Kentucky Lawmakers Confused When No Protesting Teachers Appear Sick
Updated: May 12, 2019
After the fourth day of protests in the State Capitol in Frankfort, several key lawmakers have begun to notice some peculiarities among the throngs of protesters.
“I’m not sure any of them are actually sick” said a confused Rep. George Dell. He noted that there were no noses being blown or wet, phlegmy coughs. “After hearing that conditions were so bad among JCPS teachers, all the illnesses, they’ve had to close schools again, I was expecting this place to resemble some TB ward. We’ll I’ll be…”
Rep. Michelle Canter echoed those thoughts when looking at crowds, chanting and waving their signs. “I can’t say it’s a totally unpleasant surprise, I thought the chants would be overly nasally and be interrupted by coughing fits. But I don’t even see any red noses.”
Canter, who came in through a side entrance to avoid contracting whatever bug is going around from the mass of sickies who were too ill teach class the fourth day in two weeks. “Well, I hope they feel better soon.”
Rep. Josie Dell had this to say, “Maybe it’s, you know,” Dell whistled while holding her hand just below her chin and pointed downward, then whispered “stomach problems, like, backdoor business.” She continues, “I mean, I haven’t actually heard what it is that’s going around, but it must be rough stuff to shut down the whole operation. That would explain why I don’t hear any of the sniffles and coughs I was expecting.”
Dell began to doubt her own assertion when noticing there was no smell in the atrium, which would have helped to confirm her hypothesis.
Building custodian Jay Wolfe confirmed Dell’s assumption was unlikely given the relative lack of traffic to the restrooms. “I had extra guys on call when I saw the size of the group, knowing they were sick I was expecting some plumbing issues, ya know? TP supply problems, overflows, the inevitable ‘code brown’. So far though, it’s been a pretty normal day.”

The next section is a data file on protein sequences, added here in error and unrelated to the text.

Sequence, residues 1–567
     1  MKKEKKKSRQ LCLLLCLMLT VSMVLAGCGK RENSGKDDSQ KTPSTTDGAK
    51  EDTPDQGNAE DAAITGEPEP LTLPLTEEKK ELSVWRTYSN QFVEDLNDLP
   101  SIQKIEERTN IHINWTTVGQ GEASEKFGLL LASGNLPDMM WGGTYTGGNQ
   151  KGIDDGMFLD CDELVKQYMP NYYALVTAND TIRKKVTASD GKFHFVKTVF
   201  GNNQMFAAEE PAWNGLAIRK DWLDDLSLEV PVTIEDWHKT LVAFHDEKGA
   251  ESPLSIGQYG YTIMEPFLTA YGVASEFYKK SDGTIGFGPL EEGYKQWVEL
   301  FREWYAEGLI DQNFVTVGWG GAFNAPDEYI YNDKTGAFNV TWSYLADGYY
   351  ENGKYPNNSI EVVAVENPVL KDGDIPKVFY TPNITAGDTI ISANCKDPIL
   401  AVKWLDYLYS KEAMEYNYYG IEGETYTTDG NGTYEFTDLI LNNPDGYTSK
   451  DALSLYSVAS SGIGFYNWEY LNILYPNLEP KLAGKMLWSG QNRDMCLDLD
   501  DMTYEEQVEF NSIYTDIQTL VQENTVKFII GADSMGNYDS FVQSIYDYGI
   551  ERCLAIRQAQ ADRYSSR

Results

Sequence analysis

Wolfe shrugged and pointed to the toothpaste he has smeared generously under his nose, a tactic used to mask the stench death in disaster zones. “False alarm, I guess.”
When asked directly how she was feeling, an unidentified but enthusiastic teacher shouted, “Great, the turnout is amazing, so much energy in the room! We won’t, no, we can’t leave until our voices are heard and our demands met! The future of Kentucky’s education system is at stake.” When asked if these stakes granted her the resolve to overcome her violent illness and make the drive to Frankfort, she responded with a simple “Sure,” and an eye roll and resumed waving her ‘Say No to HB 525” sign.
Another responded only with a curt “Seriously?” offering no further comment.
Rep. Tim Torres had a different thought, “Maybe these are the healthy ones, just taking advantage of the school closing.” His staff nodded along, trying to make sense of what they were seeing. “I mean, that’s pretty lucky for them, we’re about to destroy any hope they had for a meaningful retirement and gut the public school as we know it. This was eerily good timing, getting so many days off right when some major decisions are being made that impact them directly. Weird.”